Pols, tenants unhappy with proposed Mitchell-Lama changes

BY SAM SPOKONY | City officials have proposed changes to the rules governing the Mitchell-Lama housing program.

The amendments sought by the city’s Department of Housing Preservation and Development (H.P.D.) include new restrictions to the rights of succession for Mitchell-Lama units, which house low and middle income residents.

The proposed rules would no longer allow units to be handed down to a tenant’s nephews, nieces, aunts or uncles. In addition, the rules would only authorize succession in cases where the tenant of record has either passed away or been relocated to a long term care facility.

Based on the current law, Mitchell-Lama units can be handed down to anyone who lives with a current tenant of record for at least two years, and who can prove emotional and financial interdependence with the tenant.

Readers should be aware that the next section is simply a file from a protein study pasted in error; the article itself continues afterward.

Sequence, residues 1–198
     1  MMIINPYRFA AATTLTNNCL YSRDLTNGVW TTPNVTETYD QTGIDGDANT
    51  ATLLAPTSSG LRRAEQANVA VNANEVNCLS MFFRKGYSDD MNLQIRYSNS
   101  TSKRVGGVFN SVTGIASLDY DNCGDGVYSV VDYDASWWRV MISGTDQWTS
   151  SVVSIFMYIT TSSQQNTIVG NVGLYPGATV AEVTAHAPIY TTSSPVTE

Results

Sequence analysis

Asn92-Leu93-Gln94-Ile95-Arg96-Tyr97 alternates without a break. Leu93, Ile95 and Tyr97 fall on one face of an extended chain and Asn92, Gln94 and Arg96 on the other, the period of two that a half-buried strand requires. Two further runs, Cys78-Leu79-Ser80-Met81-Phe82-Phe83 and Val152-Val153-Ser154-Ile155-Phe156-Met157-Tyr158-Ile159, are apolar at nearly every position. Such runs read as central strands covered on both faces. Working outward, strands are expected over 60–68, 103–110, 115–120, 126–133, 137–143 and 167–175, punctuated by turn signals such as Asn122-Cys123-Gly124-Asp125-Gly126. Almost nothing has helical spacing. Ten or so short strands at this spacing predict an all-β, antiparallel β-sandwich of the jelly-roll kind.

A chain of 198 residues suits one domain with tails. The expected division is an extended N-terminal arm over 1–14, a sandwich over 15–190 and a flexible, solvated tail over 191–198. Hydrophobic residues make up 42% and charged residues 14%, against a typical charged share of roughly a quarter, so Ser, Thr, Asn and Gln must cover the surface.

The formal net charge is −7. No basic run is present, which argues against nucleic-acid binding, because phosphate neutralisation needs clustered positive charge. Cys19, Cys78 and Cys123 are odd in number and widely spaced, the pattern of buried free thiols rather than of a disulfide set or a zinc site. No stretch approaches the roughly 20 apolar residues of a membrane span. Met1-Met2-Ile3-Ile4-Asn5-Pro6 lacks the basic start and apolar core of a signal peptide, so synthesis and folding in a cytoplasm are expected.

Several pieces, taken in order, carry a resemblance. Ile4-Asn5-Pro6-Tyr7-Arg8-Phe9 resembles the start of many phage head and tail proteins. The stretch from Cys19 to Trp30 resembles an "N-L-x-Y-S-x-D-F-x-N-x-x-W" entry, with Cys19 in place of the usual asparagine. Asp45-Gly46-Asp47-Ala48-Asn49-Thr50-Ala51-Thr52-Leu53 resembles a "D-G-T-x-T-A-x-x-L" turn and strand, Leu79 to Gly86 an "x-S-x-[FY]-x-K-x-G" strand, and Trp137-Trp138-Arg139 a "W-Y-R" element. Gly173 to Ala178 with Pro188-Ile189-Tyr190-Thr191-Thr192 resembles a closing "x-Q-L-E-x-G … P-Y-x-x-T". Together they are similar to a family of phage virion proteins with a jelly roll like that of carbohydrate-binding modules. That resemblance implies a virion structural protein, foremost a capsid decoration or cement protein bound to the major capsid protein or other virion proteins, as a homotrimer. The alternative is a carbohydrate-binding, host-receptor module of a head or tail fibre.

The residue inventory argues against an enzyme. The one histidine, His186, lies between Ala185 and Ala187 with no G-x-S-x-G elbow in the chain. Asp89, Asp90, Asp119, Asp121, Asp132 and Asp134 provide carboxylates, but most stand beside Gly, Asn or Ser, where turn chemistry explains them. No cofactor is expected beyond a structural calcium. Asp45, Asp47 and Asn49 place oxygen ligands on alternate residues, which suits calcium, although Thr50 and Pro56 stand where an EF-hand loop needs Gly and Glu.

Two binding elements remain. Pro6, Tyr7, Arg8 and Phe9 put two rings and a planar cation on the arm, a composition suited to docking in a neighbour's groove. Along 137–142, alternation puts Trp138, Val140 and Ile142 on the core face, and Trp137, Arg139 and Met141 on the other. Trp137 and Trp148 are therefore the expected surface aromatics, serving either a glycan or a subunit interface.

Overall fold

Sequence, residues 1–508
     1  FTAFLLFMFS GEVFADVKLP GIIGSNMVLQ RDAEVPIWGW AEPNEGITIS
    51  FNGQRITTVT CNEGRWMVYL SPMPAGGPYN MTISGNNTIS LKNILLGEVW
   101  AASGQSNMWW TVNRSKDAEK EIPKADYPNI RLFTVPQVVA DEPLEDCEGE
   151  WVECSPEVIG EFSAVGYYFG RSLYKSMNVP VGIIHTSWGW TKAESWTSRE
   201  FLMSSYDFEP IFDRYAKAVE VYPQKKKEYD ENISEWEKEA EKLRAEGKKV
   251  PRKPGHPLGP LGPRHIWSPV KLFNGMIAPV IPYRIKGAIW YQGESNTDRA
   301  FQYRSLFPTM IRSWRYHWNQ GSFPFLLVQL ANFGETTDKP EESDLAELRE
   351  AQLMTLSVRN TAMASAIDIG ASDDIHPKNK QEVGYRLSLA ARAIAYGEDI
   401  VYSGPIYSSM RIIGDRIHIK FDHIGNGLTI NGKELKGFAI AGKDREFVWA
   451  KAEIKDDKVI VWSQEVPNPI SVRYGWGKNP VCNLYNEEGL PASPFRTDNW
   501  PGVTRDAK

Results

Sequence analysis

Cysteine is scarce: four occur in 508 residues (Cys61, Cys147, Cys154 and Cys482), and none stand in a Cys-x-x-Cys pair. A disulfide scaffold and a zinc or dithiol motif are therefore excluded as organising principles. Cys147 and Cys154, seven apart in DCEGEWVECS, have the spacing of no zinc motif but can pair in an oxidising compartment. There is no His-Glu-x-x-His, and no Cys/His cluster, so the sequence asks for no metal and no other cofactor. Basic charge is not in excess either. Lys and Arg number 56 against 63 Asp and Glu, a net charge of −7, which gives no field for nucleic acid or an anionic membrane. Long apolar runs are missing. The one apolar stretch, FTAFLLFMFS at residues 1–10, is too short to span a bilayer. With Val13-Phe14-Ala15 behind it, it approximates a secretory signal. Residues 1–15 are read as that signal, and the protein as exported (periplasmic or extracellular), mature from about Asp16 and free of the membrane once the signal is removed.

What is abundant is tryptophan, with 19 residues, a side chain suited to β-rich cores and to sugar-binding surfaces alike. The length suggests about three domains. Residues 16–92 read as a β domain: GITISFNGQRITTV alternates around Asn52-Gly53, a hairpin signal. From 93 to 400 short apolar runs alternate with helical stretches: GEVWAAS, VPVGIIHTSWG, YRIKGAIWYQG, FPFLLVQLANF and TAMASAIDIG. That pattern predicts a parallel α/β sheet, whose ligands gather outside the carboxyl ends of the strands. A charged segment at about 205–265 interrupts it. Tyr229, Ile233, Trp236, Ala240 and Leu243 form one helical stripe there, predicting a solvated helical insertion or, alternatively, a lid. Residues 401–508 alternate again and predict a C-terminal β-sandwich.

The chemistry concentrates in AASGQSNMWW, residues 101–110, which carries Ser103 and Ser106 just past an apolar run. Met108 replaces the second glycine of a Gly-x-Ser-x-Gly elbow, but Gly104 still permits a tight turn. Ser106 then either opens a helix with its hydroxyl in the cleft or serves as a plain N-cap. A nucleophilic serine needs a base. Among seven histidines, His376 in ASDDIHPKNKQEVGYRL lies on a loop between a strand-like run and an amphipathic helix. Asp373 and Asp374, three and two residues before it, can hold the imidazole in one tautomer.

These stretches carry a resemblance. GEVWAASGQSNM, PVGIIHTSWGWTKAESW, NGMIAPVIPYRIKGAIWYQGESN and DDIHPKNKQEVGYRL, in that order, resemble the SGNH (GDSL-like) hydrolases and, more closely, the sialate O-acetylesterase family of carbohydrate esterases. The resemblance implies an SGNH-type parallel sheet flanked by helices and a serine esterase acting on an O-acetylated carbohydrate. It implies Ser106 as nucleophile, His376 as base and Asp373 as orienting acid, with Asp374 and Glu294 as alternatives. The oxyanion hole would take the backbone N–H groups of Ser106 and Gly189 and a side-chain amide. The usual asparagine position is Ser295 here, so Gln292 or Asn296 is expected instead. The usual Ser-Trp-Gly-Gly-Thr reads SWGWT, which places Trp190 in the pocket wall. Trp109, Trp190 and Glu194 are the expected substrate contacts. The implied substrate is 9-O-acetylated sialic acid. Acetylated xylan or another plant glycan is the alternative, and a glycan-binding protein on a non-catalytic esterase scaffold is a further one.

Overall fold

H.P.D. believes that the rule changes will help cut down on abuse of the succession rights system.

In the past, some people have signed leases for Mitchell-Lama apartments without actually living in them, simply in order to hand down the unit to a loved one after the required two-year period. This essentially allows certain people to secure an apartment without ever being put on a waiting list, unfairly bypassing eligible people who have been on a waiting list for years in order to get an opportunity to live in a Mitchell-Lama unit.

“We are attempting to open up Mitchell-Lama units to more hardworking New Yorkers who are in desperate need of affordable housing, without disrupting life or adding anxiety to those who currently reside in Mitchell-Lama developments,” said Eric Bederman, an H.P.D. spokesperson.

But the agency is facing opposition from some elected officials and Mitchell-Lama tenants who believe the proposed rule changes go too far.

Opponents claim that the H.P.D. amendments would create a much too narrow definition of what a family is, in terms of succession rights, and that this would cause some dependent residents to unfairly lose their homes upon the death or incapacitation of their tenant of record.